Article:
Make gifts instead of buying them, and reduce your donations and giving as much as possible. See if you can get refunds on prepaid subscriptions, dues and memberships.
Avoid convenience stores and shop at the food stores with the lowest prices. Comparison shop for the best price on everything you buy. Plan meals for a week, always shop with a list and shop sales. Pack lunches, snacks, coffee and soft drinks. Buy generic, bulk or store brands for the items you use. Avoid spending to eat out or to buy drinks or snacks. Use leftovers. Get serious about giving up any expensive and unhealthy addictions like smoking. Postpone buying new clothes and replace dry-clean only items with washable clothing when possible. Avoid impulse buying (don’t carry cash with you if that helps you to stop spending it).
Call your lender to find out if you can renegotiate your mortgage. Call the Department of Housing and Urban Development at 1-888-995-4673 for free housing counseling. Find out if you qualify for rent assistance or reduced cost housing. Call at least four insurers to get quotes for the same insurance coverage. Can you rent out a room in your home or share an apartment to save on rent? Some single parents are trying shared housing, working different shifts and sharing child care to save money. Now, more families may be sharing the same roof due to job losses. Is there a family member you can live with, at least temporarily, while you are unemployed?
What do you have of value that you can sell to raise cash? Do you have an extra vehicle, a boat, a recreational vehicle, a vacation home, time share or something of value that you could sell or give back to the lender to avoid having to make payments? Do you have broken gold jewelry that you might be able to sell for scrap? Consider selling non-critical electronic devices through an online auction service.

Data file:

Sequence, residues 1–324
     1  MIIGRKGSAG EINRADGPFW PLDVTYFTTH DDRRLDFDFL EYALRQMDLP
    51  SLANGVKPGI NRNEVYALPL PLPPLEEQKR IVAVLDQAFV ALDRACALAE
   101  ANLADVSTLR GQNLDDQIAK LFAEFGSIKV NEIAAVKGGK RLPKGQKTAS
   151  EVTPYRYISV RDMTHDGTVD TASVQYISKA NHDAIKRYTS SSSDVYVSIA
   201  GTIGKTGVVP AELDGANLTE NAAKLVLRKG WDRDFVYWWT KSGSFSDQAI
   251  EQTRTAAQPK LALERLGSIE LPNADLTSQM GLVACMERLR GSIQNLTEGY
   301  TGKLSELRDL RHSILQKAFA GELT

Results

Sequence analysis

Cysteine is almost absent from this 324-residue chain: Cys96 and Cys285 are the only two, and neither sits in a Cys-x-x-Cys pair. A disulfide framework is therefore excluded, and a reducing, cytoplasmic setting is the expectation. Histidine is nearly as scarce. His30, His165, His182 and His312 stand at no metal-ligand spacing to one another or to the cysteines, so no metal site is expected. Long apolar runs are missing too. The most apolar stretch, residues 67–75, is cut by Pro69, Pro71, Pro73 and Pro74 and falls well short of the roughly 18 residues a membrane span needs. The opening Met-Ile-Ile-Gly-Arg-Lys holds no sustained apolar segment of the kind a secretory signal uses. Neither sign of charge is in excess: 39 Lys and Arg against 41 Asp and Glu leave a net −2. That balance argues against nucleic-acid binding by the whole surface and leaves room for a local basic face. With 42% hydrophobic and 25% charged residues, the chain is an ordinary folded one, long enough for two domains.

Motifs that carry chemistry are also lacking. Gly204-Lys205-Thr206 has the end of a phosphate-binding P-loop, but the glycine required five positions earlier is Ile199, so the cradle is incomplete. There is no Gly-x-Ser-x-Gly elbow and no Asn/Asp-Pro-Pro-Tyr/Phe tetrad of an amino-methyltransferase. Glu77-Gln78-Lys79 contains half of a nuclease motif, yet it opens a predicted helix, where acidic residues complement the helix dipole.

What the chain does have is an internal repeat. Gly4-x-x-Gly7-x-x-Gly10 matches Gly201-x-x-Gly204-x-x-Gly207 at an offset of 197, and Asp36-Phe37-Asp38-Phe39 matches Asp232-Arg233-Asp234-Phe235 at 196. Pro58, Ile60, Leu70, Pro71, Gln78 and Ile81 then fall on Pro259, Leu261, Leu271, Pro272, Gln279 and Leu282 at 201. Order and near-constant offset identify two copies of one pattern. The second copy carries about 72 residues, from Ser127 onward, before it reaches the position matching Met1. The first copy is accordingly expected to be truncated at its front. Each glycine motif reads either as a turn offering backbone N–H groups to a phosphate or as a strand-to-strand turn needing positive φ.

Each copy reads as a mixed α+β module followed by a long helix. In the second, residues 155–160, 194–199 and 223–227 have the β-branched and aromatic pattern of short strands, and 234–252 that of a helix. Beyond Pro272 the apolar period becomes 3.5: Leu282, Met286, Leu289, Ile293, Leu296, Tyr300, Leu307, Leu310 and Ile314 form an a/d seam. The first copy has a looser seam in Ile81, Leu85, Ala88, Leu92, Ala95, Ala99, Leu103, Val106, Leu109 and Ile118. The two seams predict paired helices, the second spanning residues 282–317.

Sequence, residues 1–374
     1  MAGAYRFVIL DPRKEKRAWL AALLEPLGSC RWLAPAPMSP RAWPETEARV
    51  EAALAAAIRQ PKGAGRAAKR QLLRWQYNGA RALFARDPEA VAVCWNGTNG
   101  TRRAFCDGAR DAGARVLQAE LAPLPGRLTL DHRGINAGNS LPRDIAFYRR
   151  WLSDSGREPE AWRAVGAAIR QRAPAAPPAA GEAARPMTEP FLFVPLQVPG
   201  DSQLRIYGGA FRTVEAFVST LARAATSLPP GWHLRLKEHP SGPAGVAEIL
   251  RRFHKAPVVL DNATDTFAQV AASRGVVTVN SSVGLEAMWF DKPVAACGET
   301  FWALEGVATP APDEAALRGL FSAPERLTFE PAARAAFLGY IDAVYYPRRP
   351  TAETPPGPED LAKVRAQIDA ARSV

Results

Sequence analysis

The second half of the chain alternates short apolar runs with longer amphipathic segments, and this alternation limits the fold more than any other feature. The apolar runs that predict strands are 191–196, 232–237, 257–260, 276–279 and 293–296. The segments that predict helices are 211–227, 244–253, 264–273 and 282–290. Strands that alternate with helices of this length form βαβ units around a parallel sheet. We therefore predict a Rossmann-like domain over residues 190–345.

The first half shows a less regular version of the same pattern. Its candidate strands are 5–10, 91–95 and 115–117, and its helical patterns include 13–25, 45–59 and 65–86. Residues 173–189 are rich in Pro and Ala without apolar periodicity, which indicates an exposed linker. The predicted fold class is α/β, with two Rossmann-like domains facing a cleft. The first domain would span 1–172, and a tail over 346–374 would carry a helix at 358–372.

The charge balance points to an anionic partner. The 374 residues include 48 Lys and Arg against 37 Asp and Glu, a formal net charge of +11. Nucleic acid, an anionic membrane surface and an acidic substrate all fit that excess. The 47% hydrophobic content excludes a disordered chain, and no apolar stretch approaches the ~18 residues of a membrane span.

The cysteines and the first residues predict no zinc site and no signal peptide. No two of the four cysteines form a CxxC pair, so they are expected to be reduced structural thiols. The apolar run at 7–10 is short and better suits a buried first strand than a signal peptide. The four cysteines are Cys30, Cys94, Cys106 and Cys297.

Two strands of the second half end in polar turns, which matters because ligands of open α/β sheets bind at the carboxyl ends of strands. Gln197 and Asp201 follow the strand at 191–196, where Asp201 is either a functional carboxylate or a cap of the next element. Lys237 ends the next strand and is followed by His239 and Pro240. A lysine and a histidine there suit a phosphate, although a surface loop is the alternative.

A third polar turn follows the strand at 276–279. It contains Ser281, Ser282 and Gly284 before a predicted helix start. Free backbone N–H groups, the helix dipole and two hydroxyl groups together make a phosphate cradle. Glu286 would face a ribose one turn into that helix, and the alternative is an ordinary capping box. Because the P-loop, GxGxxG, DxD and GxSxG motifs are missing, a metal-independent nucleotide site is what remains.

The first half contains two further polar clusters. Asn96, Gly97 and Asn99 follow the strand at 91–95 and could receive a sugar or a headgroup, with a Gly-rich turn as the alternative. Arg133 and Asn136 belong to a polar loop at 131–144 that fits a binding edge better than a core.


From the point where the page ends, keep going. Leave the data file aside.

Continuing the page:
Take advantage of less expensive generic drugs or over-the-counter alternatives if they are available. Consider using discount mail-order pharmacies for your long-term prescriptions. Eat right, exercise and brush and floss to keep your good health and reduce costs for medical and dental care. There is stress associated with job loss and reduced income. Talk to someone and find healthy ways to reduce your stress so you don’t develop stress-related health problems. Find and use free or reduced fee clinics. Some medical and dental schools offer low-cost care.
Take advantage of free activities like public parks, playgrounds, museums, concerts, church and school events. Use the public library for free, especially for books, music, movies and access to the Internet. If you entertain at home, make it potluck so everyone brings and shares something.
Discontinue any service you’ve been purchasing that you can do yourself such as house cleaning, lawn mowing, laundry, ironing, oil changes, carwashing, hair and nail care, etc. Find out if you can swap a service with somebody if you don’t think you can do some service yourself, like car maintenance.
Call and ask your carrier to review your usage and determine if you can save by going to a less (or more) costly plan. Are there calling features or services you can afford to discontinue? See how much you can save by going from expanded to basic cable service. Call several phone and cable providers in your area for quotes and ask what you can save with a bundled package.